Barriers to cervical cancer screening (Pap tests) may exist for women experiencing schizophrenia.
This study analyzed healthcare records of all women in the province of Manitoba, Canada to: (a) compare cervical cancer screening rates of women with and without schizophrenia; and (b) determine factors associated with screening uptake.
This study took place in Manitoba, Canada, utilizing anonymized universal administrative data in the Population Health Research Data Repository at the Manitoba Centre for Health Policy.
All females aged 18-69 living in Manitoba December 31, 2002, excluding those diagnosed with invasive or in situ cervical cancer in the study period or previous 5 years.
To determine factors associated with Papanicolaou (Pap) test uptake (1+ Pap test in 3 years, 2001/02-2003/04), logistic regression modeling included: diagnosis of schizophrenia, age, region, average household income, continuity of care (COC), presence of major physical comorbidity. Good COC was defined as at least 50% of ambulatory physician visits from the same general/family practitioner within two years.
Women with schizophrenia (n=3220) were less likely to have a Pap test (58.8% vs. 67.8%, p
Canada's population is aging, and seniors constitute the fastest growing demographic in the nation. The chronic health conditions, limited social support, functional decline, and cognitive impairment experienced by seniors may necessitate admission to a personal care home (PCH) setting up until the time of their death. The ethical problems that arise in the care of dying patients are numerous and complicated. The care of dying seniors in PCHs, however, is largely provided by frontline workers such as healthcare aides (HCAs), who usually have little training in palliative care or ethics. Research examining the identification and resolution of ethical problems in care of the dying has been conducted from the perspectives of nurses and physicians in various clinical settings, but the voice of HCAs in PCHs is virtually absent from clinical ethics. Given that the inability to satisfactorily resolve ethical issues in clinical practice is associated with feelings of guilt, powerlessness, avoiding contact with patients, failing to provide good physical care, and increased staff turnover, an empirical examination of HCAs' experiences of ethically challenging situations is warranted. We conducted a phenomenological study to access the lived experience of HCAs (N = 12) working in proprietary and nonproprietary care homes as they encountered situations they deemed ethically challenging in providing end-of-life care to dying seniors. The findings reported here explicate: (1) the types of situations that are ethically problematic for HCAs; (2) the meanings they assign to these situations, and (3) the impact such situations have on the provision of end-of-life care.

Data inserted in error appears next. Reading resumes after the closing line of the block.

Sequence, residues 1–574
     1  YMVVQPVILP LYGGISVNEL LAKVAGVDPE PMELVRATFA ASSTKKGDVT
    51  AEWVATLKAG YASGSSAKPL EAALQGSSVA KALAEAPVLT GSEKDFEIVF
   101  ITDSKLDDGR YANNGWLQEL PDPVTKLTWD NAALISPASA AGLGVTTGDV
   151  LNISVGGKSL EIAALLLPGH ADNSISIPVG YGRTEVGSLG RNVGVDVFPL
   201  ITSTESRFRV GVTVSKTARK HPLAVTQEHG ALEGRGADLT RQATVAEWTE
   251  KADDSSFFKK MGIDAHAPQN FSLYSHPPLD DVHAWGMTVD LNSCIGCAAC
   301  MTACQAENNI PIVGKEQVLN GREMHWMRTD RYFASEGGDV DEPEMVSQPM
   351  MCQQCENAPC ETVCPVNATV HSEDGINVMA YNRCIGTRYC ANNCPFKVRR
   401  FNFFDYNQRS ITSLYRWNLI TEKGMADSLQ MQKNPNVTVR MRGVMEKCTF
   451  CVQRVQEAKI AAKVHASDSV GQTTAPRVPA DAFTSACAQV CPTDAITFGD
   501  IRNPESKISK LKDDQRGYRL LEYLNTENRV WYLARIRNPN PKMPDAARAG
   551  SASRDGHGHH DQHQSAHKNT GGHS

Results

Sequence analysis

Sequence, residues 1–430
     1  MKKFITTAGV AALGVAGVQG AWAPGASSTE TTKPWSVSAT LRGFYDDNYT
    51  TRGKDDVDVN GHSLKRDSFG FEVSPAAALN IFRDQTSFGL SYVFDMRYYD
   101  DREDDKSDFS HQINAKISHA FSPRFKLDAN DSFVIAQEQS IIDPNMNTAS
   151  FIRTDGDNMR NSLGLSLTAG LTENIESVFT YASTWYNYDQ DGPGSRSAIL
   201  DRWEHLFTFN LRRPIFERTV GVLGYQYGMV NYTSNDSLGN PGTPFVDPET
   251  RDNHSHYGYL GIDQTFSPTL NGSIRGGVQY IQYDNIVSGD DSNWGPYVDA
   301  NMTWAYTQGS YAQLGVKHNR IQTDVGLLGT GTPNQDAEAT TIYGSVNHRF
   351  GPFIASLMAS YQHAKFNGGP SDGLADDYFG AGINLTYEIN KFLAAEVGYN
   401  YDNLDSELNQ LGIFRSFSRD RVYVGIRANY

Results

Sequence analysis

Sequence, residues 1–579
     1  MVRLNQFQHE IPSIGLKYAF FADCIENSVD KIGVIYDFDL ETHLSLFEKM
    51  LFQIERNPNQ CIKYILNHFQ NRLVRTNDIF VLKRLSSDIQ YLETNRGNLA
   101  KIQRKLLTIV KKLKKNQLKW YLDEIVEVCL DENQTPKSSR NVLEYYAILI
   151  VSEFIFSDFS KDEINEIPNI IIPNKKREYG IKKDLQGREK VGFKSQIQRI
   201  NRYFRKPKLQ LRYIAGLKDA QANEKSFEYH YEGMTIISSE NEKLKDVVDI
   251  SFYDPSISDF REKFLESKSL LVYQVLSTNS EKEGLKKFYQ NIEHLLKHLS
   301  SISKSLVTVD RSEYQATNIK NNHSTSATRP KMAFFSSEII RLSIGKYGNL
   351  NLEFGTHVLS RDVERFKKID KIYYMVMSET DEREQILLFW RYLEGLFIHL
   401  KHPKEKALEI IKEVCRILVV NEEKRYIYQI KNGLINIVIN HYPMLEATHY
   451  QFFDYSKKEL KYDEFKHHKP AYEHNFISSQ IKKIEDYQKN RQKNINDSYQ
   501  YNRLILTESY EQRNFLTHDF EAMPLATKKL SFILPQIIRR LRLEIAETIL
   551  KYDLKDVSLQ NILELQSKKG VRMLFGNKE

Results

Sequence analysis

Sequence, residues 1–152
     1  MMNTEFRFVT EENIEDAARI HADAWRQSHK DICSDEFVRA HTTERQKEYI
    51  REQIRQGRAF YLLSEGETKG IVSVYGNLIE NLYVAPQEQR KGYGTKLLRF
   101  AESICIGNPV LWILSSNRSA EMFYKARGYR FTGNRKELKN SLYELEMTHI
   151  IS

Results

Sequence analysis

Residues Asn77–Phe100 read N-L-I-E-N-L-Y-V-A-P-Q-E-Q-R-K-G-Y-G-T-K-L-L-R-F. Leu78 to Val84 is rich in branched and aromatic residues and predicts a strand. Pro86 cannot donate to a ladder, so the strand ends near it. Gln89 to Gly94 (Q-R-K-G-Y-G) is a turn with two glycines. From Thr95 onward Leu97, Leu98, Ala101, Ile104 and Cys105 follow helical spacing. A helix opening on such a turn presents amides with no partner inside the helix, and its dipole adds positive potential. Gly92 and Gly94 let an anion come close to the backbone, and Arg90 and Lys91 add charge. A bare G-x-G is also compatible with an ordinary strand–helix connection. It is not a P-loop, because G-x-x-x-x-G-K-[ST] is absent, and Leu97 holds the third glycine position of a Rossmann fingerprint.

Studies of patients who are terminally ill consistently identify strong associations between "sense of burden to others" and marked end-of-life distress. However, little research has addressed the issue of burden to others among patients nearing death. The aim of this study was to carefully examine "burden to others" and clarify its relationship with various psychosocial, physical, and existential issues arising in patients who are terminally ill. A cohort of 211 patients with end-stage cancer was assessed, using an assortment of validated psychometrics to document psychosocial, physical, and existential aspects of their end-of-life experience. This included an assessment of their sense of "burden to others." Forty percent of participants indicated a negligible sense of burden to others, scoring within the lowest quarter on an ordinal measure of "burden to others;" 25% scored within the second lowest quarter; 12% within the third quarter; and 23% within the highest or most severe range. The most highly correlated variables with "sense of burden to others" included depression (r=0.460; df=201, P
Institute for Rehabilitation Research and Development, The Rehabilitation Centre, The Ottawa Hospital, Ottawa, ON, and Department of Psychiatry, University of Manitoba, Winnipeg, Canada. email@example.com
To investigate the attitudes of terminally ill individuals toward the legalization of euthanasia or physician-assisted suicide (PAS) and to identify those who would personally desire such a death.
In the Canadian National Palliative Care Survey, semistructured interviews were administered to 379 patients who were receiving palliative care for cancer. Patients who expressed a desire for physician-hastened death were followed prospectively.
Attitudes toward the legalization of euthanasia or PAS were determined, as was the personal interest in receiving a hastened death. Demographic and clinical characteristics were also recorded, including a 22-item structured interview of symptoms and concerns.
There were 238 participants (62.8%) who believed that euthanasia and/or PAS should be legalized, and 151 (39.8%) who would consider making a future request for a physician-hastened death. However, only 22 (5.8%) reported that, if legally permissible, they would initiate such a request right away, in their current situations. This desire for hastened death was associated with lower religiosity (p=.010), reduced functional status (p=.024), a diagnosis of major depression (p
Considerations of dignity are often raised in reference to the care of dying patients. However, little research that addresses this issue has been done. Our aim was to identify the extent to which dying patients perceive they are able to maintain a sense of dignity, and to ascertain how demographic and disease-specific variables relate to the issue of dignity in these individuals.